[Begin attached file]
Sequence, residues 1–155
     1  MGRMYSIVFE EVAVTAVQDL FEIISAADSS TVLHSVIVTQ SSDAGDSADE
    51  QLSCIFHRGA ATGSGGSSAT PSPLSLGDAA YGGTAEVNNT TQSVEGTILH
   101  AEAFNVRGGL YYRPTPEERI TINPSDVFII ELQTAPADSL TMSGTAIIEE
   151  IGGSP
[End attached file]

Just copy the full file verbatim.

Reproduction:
Sequence, residues 1–155
     1  MGRMYSIVFE EVAVTAVQDL FEIISAADSS TVLHSVIVTQ SSDAGDSADE
    51  QLSCIFHRGA ATGSGGSSAT PSPLSLGDAA YGGTAEVNNT TQSVEGTILH
   101  AEAFNVRGGL YYRPTPEERI TINPSDVFII ELQTAPADSL TMSGTAIIEE
   151  IGGSP